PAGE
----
And Joshua said to them,
“Pass on before the ark of the Lord your God
into the midst of the Jordan,
and take up each of you a stone upon his shoulder,
according to the number of the tribes of the people of Israel,
that this may be a sign among you.
When your children ask in time to come,
‘What do those stones mean to you?’
then you shall tell them
that the waters of the Jordan were cut off
before the ark of the covenant of the Lord.
When it passed over the Jordan,
the waters of the Jordan were cut off.
So these stones shall be to the people of Israel a memorial forever.”
Before you walk into a new chapter of life, it is important to complete the past. The phrase isn’t original to me, but it makes sense. Before opening something new, it is important to close the old book.
One phrase I use to describe moments like this, moments like the one quoted above from the book of Joshua, is culmination and commencement.
Rarely do things begin or end alone. Usually both are happening at the same time.
For example, the ceremony at the end of high school is called commencement, which means “beginning”.
In America the culmination of the week, the weekend, finishes with what has for years been the first day of the week – Sunday.
The end of the work week is also the beginning of the weekend – Friday. Beginnings and endings are happening at the same time.
So in the above passage, when it talks about stones as a sign, are they a sign of the beginning or the end of something?
On the one hand, these stones will mark the end of the Israelite tribes wandering through the desert. The parting of the Jordan river signifies the opening of the promised land for the Hebrews to settle.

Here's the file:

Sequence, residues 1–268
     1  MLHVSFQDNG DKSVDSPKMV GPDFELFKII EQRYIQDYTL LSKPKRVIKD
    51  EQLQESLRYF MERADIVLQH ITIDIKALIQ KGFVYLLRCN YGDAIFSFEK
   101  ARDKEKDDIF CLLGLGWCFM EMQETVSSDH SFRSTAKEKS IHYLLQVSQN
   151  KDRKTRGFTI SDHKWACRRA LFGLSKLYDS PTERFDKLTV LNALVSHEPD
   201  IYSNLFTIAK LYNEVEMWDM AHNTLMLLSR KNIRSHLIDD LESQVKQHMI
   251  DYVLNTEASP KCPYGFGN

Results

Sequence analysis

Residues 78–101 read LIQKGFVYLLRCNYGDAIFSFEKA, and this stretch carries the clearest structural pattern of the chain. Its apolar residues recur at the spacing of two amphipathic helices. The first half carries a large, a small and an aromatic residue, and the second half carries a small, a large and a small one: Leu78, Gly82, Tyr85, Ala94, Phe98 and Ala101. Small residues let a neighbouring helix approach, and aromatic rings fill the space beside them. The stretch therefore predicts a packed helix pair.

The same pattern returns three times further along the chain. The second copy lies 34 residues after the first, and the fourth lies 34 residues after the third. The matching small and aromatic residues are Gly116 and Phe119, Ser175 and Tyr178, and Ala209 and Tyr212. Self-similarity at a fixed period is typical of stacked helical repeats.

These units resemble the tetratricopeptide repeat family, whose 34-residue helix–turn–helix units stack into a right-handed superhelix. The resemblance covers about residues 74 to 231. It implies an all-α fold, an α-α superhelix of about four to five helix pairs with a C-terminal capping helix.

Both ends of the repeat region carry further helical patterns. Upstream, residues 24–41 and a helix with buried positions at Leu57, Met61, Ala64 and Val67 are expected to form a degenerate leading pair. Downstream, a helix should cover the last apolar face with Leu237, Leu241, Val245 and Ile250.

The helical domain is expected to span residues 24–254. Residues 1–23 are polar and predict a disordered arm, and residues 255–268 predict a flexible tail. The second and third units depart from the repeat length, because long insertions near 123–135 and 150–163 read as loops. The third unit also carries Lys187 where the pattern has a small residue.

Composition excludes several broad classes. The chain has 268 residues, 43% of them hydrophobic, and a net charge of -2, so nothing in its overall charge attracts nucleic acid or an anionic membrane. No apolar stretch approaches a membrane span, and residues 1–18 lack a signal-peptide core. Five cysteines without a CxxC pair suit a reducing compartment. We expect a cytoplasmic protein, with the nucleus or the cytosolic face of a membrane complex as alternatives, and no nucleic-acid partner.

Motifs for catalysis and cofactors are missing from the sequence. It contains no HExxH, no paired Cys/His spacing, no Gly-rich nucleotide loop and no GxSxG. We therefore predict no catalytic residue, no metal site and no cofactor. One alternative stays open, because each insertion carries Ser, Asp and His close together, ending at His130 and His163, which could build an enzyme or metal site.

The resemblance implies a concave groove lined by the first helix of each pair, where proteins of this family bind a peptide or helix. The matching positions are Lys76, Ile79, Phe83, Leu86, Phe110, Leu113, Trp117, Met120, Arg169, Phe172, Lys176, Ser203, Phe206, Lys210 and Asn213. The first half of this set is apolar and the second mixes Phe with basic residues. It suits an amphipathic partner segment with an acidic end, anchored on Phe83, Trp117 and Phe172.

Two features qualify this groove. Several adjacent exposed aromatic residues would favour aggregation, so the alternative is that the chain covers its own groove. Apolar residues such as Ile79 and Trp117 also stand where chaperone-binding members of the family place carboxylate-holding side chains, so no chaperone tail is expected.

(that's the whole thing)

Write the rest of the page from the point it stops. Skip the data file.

On the other hand, the stones mark the beginning of the conquest. There will be no more waiting, but a time of war is upon them.
To complete the past, then, is absolutely important to starting the future. It is not a step that can be skipped.
There is no intermission in life – the end of Act I is the beginning of Act II. That’s why an intermission in a play or musical is a special thing. The world of theatre gives us pause to consider what we have just seen and gives us time to reflect on what may come. Real life is another story.
This is why stones of remembrance are placed in the Jordan River. They mark the event that was both the completion of the past and a pointing forward to the future.
Also, this is how the ancient church calendar can help people today. Three yearly markers serve a function similar to those stones in the river.
Advent is a sign both of the past coming of Jesus in the flesh, but also a looking forward to his return in the future.
Epiphany and the time following is sign that as Jesus lived a life walking in obedience before God, and it invites us to live a similar existence in the power that Jesus gives us.
Easter is the reminder that Jesus was resurrected historically and bodily, and the power that raised him is available to empower those who trust their lives to him.
In other words, the past that Jesus lived points as a sign so that we can have power to walk in the present.
The stones in the river were a marker of God’s power to use water to change the course of history for a whole people. Likewise, the cross of Christ is a marker of God’s power to use the blood of his son to change the course of history for you.
Whatever the past is that we have faced, in Christ there is a future and power available to walk in it.
Where do you need that power today?